Note 3. Significant business acquisitions

Our long-held acquisition strategy is to acquire businesses with consistent earning power, good returns on equity and able and honest management at sensible prices. In the first nine months of 2012, we completed several smaller-sized business acquisitions, which we consider as “bolt-on” acquisitions to several of our existing business operations. Aggregate consideration paid for these acquisitions was approximately $1.8 billion. We do not believe that these acquisitions are material, individually or in the aggregate, to our Consolidated Financial Statements.

 

6


Table of Contents

Notes To Consolidated Financial Statements (Continued)

 

Note 3. Significant business acquisitions (Continued)

 

On September 16, 2011, Berkshire completed the acquisition of The Lubrizol Corporation (“Lubrizol”) pursuant to a merger agreement, under which Berkshire acquired all of the outstanding shares of Lubrizol common stock for cash of $135 per share (approximately $8.7 billion in the aggregate). Lubrizol, based in Cleveland, Ohio, is an innovative specialty chemical company that produces and supplies technologies to customers in the global transportation, industrial and consumer markets. These technologies include additives for engine oils, other transportation-related fluids and industrial lubricants, as well as additives for gasoline and diesel fuel. In addition, Lubrizol makes ingredients and additives for personal care products and pharmaceuticals; specialty materials, including plastics; and performance coatings. Lubrizol’s industry-leading technologies in additives, ingredients and compounds enhance the quality, performance and value of customers’ products, while reducing their environmental impact. We accounted for the Lubrizol acquisition pursuant to the acquisition method. The valuation of the identified assets and liabilities and the resulting excess amount recorded as goodwill as of the acquisition date was completed as of December 31, 2011. Lubrizol’s financial results are included in our Consolidated Financial Statements beginning as of September 16, 2011.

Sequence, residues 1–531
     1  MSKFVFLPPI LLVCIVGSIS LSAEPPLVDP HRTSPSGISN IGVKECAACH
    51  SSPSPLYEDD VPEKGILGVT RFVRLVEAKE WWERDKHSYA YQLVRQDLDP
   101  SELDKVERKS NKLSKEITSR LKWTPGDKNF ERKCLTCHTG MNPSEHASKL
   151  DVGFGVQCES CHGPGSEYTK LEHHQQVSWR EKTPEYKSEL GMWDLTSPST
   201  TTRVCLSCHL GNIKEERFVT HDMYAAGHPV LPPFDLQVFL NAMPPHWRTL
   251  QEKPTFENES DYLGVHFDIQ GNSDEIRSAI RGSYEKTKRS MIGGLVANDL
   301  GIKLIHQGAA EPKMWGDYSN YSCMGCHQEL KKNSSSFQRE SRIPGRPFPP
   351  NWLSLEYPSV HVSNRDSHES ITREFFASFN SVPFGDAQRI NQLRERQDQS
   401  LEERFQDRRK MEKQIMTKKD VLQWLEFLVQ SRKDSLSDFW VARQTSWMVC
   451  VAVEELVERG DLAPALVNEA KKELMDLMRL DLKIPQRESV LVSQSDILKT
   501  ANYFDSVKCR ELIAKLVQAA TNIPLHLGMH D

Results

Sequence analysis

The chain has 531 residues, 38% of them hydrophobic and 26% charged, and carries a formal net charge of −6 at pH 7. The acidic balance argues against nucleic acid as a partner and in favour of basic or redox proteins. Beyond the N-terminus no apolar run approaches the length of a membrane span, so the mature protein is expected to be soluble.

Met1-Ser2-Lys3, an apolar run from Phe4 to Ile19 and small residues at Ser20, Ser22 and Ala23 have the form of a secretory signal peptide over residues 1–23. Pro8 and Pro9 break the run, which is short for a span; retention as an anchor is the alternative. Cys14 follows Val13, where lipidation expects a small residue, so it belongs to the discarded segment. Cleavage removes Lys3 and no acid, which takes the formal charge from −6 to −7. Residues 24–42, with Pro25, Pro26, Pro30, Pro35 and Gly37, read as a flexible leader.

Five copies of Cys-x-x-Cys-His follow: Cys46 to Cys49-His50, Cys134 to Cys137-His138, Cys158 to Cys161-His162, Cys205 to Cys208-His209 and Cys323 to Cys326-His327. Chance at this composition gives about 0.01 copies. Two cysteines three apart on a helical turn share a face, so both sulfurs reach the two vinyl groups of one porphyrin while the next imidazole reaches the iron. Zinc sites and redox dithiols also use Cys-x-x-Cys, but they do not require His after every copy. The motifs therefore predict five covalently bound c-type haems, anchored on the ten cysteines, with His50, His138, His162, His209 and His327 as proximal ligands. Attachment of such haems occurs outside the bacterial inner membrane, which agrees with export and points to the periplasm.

We have owned a controlling interest in Marmon Holdings, Inc. (“Marmon”) since 2008. In the first quarter of 2011, we increased our ownership in Marmon to 80.2% as a result of acquiring 16.6% of Marmon’s outstanding common stock for approximately $1.5 billion. We are contractually required to acquire substantially all of the remaining noncontrolling interests of Marmon no later than March 31, 2014, for an amount that will be based on Marmon’s future operating results. In June 2011, we acquired all of the noncontrolling interests in Wesco Financial Corporation for aggregate consideration of $543 million, consisting of cash of approximately $298 million and 3,253,472 shares of Berkshire Class B common stock.

Note 4. Investments in fixed maturity securities

Investments in securities with fixed maturities as of September 30, 2012 and December 31, 2011 are summarized by type below (in millions).

 

     Amortized
Cost
     Unrealized
Gains
     Unrealized
Losses
    Fair
Value
 

September 30, 2012

          

U.S. Treasury, U.S. government corporations and agencies

   $ 2,546       $ 37       $ —        $ 2,583   

States, municipalities and political subdivisions

     2,642         187         —          2,829   

Foreign governments

     11,225         341         (36     11,530   

Corporate bonds

     10,179         2,164         (5     12,338   

Mortgage-backed securities

     2,273         344         (8     2,609   
  

 

 

    

 

 

    

 

 

   

 

 

 
   $ 28,865       $ 3,073       $ (49   $ 31,889   
  

 

 

    

 

 

    

 

 

   

 

 

 

December 31, 2011

          

U.S. Treasury, U.S. government corporations and agencies

   $ 2,894       $ 41       $ —        $ 2,935   

States, municipalities and political subdivisions

     2,862         208         —          3,070   

Foreign governments

     10,608         283         (48     10,843   

Corporate bonds

     11,120         1,483         (155     12,448   

Mortgage-backed securities

     2,564         343         (15     2,892   
  

 

 

    

 

 

    

 

 

   

 

 

 
   $ 30,048       $ 2,358       $ (218   $ 32,188   
  

 

 

    

 

 

    

 

 

   

 

 

 

Investments in fixed maturity securities are reflected in our Consolidated Balance Sheets as follows (in millions).

 

     September 30,
2012
     December 31,
2011
 

Insurance and other

   $ 31,021       $ 31,222   

Finance and financial products

     868         966   
  

 

 

    

 

 

 
   $ 31,889       $ 32,188